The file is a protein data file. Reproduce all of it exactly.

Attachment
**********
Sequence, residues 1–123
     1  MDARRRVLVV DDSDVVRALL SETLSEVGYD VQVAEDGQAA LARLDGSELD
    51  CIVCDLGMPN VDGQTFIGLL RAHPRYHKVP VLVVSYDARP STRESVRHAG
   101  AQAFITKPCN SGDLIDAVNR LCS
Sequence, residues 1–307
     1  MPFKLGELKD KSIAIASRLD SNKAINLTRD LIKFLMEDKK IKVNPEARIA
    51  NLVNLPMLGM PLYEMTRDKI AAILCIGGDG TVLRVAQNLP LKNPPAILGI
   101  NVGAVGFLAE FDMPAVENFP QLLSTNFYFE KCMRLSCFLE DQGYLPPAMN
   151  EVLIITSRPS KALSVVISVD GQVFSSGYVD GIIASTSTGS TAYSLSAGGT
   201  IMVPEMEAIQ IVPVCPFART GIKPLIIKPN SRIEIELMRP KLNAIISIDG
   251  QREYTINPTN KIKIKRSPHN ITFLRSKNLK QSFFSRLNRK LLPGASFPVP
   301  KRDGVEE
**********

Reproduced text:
Sequence, residues 1–123
     1  MDARRRVLVV DDSDVVRALL SETLSEVGYD VQVAEDGQAA LARLDGSELD
    51  CIVCDLGMPN VDGQTFIGLL RAHPRYHKVP VLVVSYDARP STRESVRHAG
   101  AQAFITKPCN SGDLIDAVNR LCS
Sequence, residues 1–307
     1  MPFKLGELKD KSIAIASRLD SNKAINLTRD LIKFLMEDKK IKVNPEARIA
    51  NLVNLPMLGM PLYEMTRDKI AAILCIGGDG TVLRVAQNLP LKNPPAILGI
   101  NVGAVGFLAE FDMPAVENFP QLLSTNFYFE KCMRLSCFLE DQGYLPPAMN
   151  EVLIITSRPS KALSVVISVD GQVFSSGYVD GIIASTSTGS TAYSLSAGGT
   201  IMVPEMEAIQ IVPVCPFART GIKPLIIKPN SRIEIELMRP KLNAIISIDG
   251  QREYTINPTN KIKIKRSPHN ITFLRSKNLK QSFFSRLNRK LLPGASFPVP
   301  KRDGVEE